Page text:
Thanks to the smashing success of Netflix original films such as The Irishman and Peaky Blinders, stories of the mob and organized crime have regained a seat at the fore of the public’s imagination. Many believed the genre had reached its creative limits, becoming worn out and clichéd over time as it gradually lost relevance.
But traces of the mob are still alive and well in the real world, and one organization with questionable origins—the Philip and Janice Levin Foundation—is rapidly making a place at the heart of American left-wing organizing. The foundation is armed with more than $25 million in mob-tainted money and has launched ruthless media smear campaigns against several conservative organizations, ironically saying they are backed by corrupt corporate money.
Hoffa and the Teamsters
In the late 1960s, Jimmy Hoffa was nearing the violent end of his reign over the International Brotherhood of Teamsters, one of America’s most powerful labor unions to this day. During this time the Teamsters, under the proxy rule of the Italian mafia, made a $16 million loan to a real estate development company called Transnation, owned by Philip Levin. According to Gus Russo’s 2006 book, Supermob: How Sidney Korshak and His Criminal Associates Became America’s Hidden Power Brokers, Levin was well known as a “wise guy” in mafia circles. He was closely tied to New Jersey mobster Sidney Korshak and the Genovese crime family, one of the infamous Five Families that dominated organized crime in the New York and New Jersey area. The Genovese crime family was infamous for its brutal loansharking and extortion tactics and was the first family known to use “barrel murder,” in which a victim was executed, stuffed into a barrel, and shipped to a far away or nonexistent destination.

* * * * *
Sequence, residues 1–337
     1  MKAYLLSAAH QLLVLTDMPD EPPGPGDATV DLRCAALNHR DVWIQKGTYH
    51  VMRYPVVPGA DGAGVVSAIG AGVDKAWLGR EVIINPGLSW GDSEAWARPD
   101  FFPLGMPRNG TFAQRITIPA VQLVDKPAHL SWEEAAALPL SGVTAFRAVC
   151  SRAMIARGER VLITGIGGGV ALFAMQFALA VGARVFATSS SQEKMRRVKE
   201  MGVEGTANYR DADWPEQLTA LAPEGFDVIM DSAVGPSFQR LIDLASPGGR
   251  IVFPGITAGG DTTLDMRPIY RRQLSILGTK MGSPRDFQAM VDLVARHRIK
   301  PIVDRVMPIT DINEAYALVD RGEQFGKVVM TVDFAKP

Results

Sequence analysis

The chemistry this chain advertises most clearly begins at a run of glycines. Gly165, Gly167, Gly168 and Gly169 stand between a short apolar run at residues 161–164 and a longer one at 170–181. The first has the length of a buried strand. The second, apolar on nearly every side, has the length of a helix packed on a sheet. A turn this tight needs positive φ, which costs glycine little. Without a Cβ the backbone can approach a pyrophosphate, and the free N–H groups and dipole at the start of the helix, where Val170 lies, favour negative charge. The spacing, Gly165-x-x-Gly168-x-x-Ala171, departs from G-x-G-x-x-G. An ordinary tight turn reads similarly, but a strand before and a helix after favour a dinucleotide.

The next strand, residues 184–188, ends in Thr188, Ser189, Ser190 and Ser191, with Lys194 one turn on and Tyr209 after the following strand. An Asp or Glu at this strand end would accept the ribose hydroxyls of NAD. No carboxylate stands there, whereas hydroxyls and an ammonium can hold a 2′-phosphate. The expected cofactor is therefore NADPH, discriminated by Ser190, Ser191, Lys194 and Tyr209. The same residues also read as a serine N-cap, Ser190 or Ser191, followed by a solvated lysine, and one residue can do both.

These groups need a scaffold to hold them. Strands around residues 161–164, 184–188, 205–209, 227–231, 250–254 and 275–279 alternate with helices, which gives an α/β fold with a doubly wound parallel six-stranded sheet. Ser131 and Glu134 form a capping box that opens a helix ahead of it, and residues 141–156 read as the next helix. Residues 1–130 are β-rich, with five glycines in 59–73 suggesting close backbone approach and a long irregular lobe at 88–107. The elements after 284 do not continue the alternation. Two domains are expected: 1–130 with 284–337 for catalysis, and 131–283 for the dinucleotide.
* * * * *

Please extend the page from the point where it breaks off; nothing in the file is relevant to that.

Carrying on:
Allegedly thanks to his mafia connections, Philip Levin’s real estate business experienced a meteoric rise, and Levin made hundreds of millions of dollars on numerous business ventures closely tied to the mob and money laundering, including casinos, race tracks, hotels, and real estate.
The New Jersey attorney general’s office strongly suspected that Levin was in bed with the mob but could never make any charges stick. This was partially due to the unusual alibi Levin offered investigators. When questioned about phone records showing over 35 phone calls from Levin’s home to Angelo “Gyp” DeCarlo’s home, a lieutenant of the Genovese crime family, Levin testified that the phone calls were merely social calls from his son, Adam, to DeCarlo’s son.
Adam Levin was later appointed head of the New Jersey Department of Consumer Affairs mere months after graduating law school in 1974. He was appointed by the New Jersey attorney general, who was coincidentally the head of the task force on organized crime that had failed to convict the Levins. The appointment of a mobster’s son to a high-ranking position in the government by the attorney general in charge of investigating the mob certainly raised eyebrows and suspicions.
Then, in 1982, Adam launched a campaign for Congress as a Democrat in New Jersey. According to Federal Election Commission (FEC) records, Levin almost entirely self-funded his campaign. The millions of dollars of his own money almost certainly came from his father. Unsurprisingly, the mob thought having a congressman in their pocket was an attractive prospect, for which they were willing to pay. Although Adam ultimately lost the election, he never fully retired from politics.